ANOTHER week of widespread rain across the eastern states and high prices at the saleyards has put the squeeze on New South Wales restockers, as supply tightens.
The benchmark Eastern Young Cattle Indicator has started this week with another jump into record territory, closing yesterday at 1,080c/kg carcase weight.
Yesterday’s record was no surprise to agents and buyers at the Gunnedah Saleyards in Northern NSW today, where the red-hot feeder market has been on show for weeks.
This week’s yarding of 1890 was up 1457 head on last week, as the weather cleared at the weekend and allowed trucks better access.
But newly minted president of the Gunnedah Stock & Station Agents Association, Stephen Carpenter, said numbers at the saleyards were well below the average – reflecting the low numbers of cattle in the area.
“Normally, at this time of the year we would be pushing up towards 3,000 and 4,000 head a week. But we’ve only been yarding about 1,200 to 1,300 a week,” Mr Carpenter said.
“There’s still some people who have no cattle leftover and there’s still a lot of heifers being killed so the herd rebuilding is not happening as quick as people think.”
Queensland rain could impact supply
Tamworth-based livestock agent, from Davidson, Cameron and Co, Luke Scicluna also said a lot of producers were electing to sell heifers to lotfeeders instead of joining them.
“There is a lot of heifers that will end up in the abattoir this year, which is amazing because we are trying to build numbers up after the drought,” Mr Scicluna said.
“Most of the calves in the district are July and August drops, so there isn’t any nice runs of local weaners coming on the market yet.”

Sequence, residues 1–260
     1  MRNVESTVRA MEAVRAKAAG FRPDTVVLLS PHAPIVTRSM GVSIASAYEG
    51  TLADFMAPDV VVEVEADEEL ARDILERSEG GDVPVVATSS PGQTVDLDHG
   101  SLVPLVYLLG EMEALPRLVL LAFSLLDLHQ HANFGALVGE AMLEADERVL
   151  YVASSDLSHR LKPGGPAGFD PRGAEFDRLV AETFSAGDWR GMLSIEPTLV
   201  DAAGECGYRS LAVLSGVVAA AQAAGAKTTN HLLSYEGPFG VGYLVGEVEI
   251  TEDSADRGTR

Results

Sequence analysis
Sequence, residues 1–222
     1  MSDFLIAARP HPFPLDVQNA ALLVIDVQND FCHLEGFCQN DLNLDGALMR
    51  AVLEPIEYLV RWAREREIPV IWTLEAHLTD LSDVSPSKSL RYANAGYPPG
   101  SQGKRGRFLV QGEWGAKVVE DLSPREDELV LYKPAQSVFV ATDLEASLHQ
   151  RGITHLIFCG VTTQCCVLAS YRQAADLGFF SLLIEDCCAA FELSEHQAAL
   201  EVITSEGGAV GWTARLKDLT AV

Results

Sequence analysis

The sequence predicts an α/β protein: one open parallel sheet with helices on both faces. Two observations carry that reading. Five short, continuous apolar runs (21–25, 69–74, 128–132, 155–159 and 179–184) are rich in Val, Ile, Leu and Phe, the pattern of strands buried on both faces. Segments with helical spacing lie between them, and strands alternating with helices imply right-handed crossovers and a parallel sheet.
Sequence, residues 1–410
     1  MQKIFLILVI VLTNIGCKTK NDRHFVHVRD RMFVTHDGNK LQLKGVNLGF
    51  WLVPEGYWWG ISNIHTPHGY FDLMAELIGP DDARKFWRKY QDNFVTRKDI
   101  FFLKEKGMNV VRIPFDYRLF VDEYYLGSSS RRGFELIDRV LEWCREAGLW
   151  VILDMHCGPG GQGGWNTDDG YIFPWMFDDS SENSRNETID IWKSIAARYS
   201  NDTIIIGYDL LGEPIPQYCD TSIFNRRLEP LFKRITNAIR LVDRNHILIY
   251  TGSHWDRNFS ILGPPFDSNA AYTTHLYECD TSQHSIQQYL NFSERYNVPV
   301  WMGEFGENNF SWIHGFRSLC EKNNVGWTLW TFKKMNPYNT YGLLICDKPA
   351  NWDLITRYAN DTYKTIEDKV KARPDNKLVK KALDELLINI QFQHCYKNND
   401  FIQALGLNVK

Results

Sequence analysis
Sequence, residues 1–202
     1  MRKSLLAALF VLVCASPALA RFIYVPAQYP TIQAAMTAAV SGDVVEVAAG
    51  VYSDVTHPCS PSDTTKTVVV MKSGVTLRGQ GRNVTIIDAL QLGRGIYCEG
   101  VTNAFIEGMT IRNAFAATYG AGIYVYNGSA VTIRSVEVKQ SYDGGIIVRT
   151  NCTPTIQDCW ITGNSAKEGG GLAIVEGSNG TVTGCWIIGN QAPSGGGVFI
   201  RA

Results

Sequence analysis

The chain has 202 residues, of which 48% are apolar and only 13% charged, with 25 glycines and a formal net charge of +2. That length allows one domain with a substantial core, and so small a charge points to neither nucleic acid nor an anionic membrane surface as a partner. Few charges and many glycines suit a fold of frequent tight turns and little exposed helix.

With a tight supply of light cattle suited to re-stockers, Mr Scicluna and many other NSW producers have been heading to Qld to buy.
“The reason we have gone up there is because there is a lot 240 to 300kg cattle that have a big frame for their weight, so there are good weight gains with all the grass in NSW,” he said.
“The Qld cattle are selling for the same rate per kilo as local cattle, and overall cost more with the freight bill to bring them home.
“But if someone wants 100 steers it’s pretty hard to find big numbers here, because most of the cattle are going to feedlot entry-weight.”
Mr Scicluna said he was watching recent rain across Qld closely and suspected it was going to tighten supply of restocker cattle.
“We have been heading up to Blackall, Longreach and Dalby and we had planned to go back up there next week for a run of sales,” Mr Scicluna said.
“But we will have to see if it is worthwhile because I suspect a lot of the Qld producers will be trying to keep them at home.”
Rate beating weight
While prices for finished cattle significantly increased at the sale, the price of feeder cattle were similar to recent weeks, which was still at record highs.
Local producer Keith Perrett, who sold a pen of yearling heifers for $5.75c/kg, said the feeder market was hard to go past.
“We normally grow our cattle slaughter weight, but with the feeder market so strong we have been selling them lighter,” Mr Perrett said.
“Anyone who has been purchasing cattle throughout the year and turning them over for the feedlots would have been doing pretty well.”
Mr Perrett said large numbers of Queensland cattle, which were purchased earlier this year and late last year, were starting to show themselves in local markets.
“We’re seeing a different style of cattle coming through the Gunnedah Saleyards, with a lot of crossbreds from Qld,” he said.
Could the prices be peaking?
The cattle market has been the source of speculation all year and has been consistently exceeding expectations.
Nutrien Ag Solutions Gunnedah livestock manager Scott Cooper said it was hard to see the prices increasing too much more.
“We’ve reached a level where we might be peaking, it has been fluctuating but a lot of that is due to breed and quality,” Mr Cooper said.
“Traditionally we don’t see too many Bos Indicus cattle here, but there is a lot of them at the saleyards now, they are being accepted by the market and selling well.”
While Mr Cooper suspected the feeder market was peaking, he said he could not see prices dropping any time soon.
“We are going to have a massive summer now, most of the eastern seaboard is good now except for some dry patches in Qld,” he said.
“Limitations on travel to procure stock don’t really exist anymore, especially with the rise of the online market, so there’s so much competition.”